youtubetwitter facebook

Delta Watch

Something’s got to give. The Sacramento-San Joaquin Delta has been in decline for years and while everyone agrees something must be done, reaching agreement on what to do has been impossible, leading to years, even decades, of inaction.

Ineffective policy worsens drought

For years, regulators have taken away water from residents, farms and businesses in an attempt to protect endangered delta smelt and salmon. While the water losses to people (especially farmers and farmworkers) have been real and detrimental, the benefits of this water to the fish populations have been murky, at best.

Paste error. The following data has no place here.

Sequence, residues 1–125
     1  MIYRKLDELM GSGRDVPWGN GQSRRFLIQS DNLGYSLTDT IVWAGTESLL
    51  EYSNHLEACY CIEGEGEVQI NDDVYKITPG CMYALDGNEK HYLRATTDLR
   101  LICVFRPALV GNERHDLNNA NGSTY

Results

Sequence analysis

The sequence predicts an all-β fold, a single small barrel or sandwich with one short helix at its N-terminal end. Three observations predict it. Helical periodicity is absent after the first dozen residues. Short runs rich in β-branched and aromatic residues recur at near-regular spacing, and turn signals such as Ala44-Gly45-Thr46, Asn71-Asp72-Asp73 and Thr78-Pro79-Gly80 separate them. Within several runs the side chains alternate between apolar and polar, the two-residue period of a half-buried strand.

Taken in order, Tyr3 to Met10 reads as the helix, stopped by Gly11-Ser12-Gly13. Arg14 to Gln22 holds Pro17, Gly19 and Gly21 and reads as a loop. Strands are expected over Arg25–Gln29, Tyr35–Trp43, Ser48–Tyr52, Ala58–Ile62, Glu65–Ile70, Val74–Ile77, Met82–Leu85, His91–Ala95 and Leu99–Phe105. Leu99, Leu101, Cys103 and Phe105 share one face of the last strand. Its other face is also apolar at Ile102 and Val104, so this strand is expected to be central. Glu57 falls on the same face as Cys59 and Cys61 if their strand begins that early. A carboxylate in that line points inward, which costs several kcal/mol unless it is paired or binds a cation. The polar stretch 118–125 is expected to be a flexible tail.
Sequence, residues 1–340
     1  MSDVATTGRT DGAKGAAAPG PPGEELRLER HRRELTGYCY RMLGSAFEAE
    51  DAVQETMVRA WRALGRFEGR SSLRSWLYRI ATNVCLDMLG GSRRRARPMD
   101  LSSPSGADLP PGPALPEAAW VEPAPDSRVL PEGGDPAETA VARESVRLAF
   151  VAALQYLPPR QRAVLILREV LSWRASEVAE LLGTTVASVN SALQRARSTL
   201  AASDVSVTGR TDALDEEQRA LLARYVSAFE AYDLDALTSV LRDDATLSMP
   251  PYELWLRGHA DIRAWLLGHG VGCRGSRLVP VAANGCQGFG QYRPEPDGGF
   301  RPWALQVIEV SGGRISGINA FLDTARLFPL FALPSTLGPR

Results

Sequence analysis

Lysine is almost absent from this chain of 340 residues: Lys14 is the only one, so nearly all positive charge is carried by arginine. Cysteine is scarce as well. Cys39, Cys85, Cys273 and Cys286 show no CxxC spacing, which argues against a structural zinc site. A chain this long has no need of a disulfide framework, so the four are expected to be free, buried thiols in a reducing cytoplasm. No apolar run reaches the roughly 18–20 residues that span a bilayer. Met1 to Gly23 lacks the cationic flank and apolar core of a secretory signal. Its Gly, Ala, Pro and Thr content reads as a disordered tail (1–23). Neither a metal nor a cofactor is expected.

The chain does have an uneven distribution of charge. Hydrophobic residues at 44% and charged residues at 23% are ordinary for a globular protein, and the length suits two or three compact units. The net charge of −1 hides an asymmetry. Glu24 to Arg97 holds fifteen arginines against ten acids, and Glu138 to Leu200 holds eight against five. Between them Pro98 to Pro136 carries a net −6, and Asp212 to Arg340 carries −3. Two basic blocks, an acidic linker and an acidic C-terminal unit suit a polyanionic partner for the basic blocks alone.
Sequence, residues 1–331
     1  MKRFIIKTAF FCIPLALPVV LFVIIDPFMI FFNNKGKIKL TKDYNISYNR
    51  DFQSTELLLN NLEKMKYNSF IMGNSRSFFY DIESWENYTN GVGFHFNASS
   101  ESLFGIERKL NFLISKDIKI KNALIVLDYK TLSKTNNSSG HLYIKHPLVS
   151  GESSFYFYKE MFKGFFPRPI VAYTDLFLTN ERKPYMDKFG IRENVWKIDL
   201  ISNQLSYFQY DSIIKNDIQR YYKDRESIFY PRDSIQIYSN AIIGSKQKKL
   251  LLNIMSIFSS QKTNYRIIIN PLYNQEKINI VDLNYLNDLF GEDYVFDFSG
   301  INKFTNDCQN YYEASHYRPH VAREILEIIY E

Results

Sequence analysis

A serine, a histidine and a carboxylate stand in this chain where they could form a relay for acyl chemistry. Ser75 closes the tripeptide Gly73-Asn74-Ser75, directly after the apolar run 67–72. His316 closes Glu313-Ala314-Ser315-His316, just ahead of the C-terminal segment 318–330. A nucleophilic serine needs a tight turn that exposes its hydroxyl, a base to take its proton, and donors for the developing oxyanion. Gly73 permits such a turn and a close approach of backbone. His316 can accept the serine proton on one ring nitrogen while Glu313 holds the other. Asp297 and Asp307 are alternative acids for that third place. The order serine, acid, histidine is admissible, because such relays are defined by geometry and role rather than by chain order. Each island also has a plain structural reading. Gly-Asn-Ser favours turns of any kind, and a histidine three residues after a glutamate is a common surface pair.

In fact, as more water has been diverted to protect fish, delta smelt populations have continued to decline.


Looking at the water-footprint of particular crops can quickly lead to a slippery slope of logic. Activists and certain members of the media have lambasted some crops as “too water intensive” in an effort to push the blame of the drought on a particular plant, such as almonds, cotton or alfalfa.

What if they turned that focus on the consumer, rather than the farmer?

Let’s take a look at a classic American meal, a burger and fries.